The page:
Munich, 6. August 2013 – Formula Student is the kind of event that makes engineers wish they had taken part in during their studies. Students build a racing car together with which they compete in competitions. A real race does not take place; that is too dangerous for the organizers. You race against the clock.
Tests in advance
Acceleration, Skidpad, Autocross, Endurance, these are the dynamic competitions. In order to take part in these competitions, the vehicles have to pass extensive tests. In the so-called scrutineering the safety is certified. The driver must be able to leave the racing vehicle within the prescribed time, and electric vehicles must prove that the high-voltage network is isolated from the vehicle, even under sprinkling conditions. The brakes are tested, the tightness on a tilt table that simulates rough lateral accelerations.
The power of the vehicles is limited. In the case of internal combustion engines, this is done via a defined air intake. Electric vehicles must integrate a measuring device provided by the organizer that logs the current drawn from the battery. 85 kW are allowed. If a vehicle exceeds this value, the corresponding competition will not be evaluated. Despite these restrictions, the performance is breathtaking. 2.6 seconds from zero to one hundred, a racing car already exceeds its design speed on a distance of 75 meters and drives into the limiter.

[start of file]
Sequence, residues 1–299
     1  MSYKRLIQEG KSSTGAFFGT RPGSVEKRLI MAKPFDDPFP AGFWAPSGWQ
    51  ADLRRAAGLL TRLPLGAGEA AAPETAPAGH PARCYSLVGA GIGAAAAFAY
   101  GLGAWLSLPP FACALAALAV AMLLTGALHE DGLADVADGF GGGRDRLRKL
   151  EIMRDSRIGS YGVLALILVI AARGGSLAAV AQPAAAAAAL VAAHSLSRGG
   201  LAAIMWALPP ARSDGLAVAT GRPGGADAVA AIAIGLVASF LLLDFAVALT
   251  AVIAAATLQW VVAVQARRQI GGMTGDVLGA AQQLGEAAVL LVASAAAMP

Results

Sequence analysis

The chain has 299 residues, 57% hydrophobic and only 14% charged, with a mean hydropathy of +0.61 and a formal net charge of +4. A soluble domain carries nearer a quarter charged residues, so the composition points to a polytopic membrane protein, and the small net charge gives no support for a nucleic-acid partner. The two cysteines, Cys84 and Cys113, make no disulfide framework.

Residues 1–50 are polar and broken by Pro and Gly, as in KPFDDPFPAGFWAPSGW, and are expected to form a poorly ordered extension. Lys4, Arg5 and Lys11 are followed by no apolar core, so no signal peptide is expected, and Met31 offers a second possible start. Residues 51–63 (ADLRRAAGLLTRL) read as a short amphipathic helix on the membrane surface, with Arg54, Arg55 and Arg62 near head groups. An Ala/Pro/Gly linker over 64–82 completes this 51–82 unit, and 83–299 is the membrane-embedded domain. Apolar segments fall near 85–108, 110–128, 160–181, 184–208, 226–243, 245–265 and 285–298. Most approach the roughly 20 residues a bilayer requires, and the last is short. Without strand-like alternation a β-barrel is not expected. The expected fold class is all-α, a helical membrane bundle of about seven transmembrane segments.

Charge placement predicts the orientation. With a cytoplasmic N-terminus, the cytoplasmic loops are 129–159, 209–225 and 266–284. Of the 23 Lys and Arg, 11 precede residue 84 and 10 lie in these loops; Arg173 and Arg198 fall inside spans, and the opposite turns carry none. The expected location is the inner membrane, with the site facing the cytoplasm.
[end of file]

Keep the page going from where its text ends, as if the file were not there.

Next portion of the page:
Not only these dynamic competitions are rated. There are also points for presentations, such as the business plan or the technical design. The idea, according to Tim Hannig, chairman of Formula Student Germany, is that an engineer must not only design well, but also sell his design. "In the course of a year, the students move through practically all the functions of a company. Financing, design, construction, purchasing, production. Whoever enters a vehicle here has already won." The competition has now been held for the eighth time in Hockenheim. The power density of the combustion engines is very high. Two dominant designs have prevailed: naturally aspirated four-cylinder engines and single-cylinder turbos, both with rear-wheel drive. The four-cylinders have more power, while the single-cylinders are lighter.
TU Delft wins the E ranking
With electric vehicles, on the other hand, there is still a lot of experimentation going on. For example, there are vehicles with one and two motors and rear-wheel drive, but also four-wheel drive vehicles with one motor and transmission per wheel. With two or four motors, teams are now using torque vectoring and electronic differentials to transmit maximum power to each wheel. With 115 teams and 3000 students, the FSG was not only the roughest event yet, but also the roughest in the world. TU Delft wins among 40 electric race cars, Oregon State University builds the fastest race car and also wins the competition with combustion engines.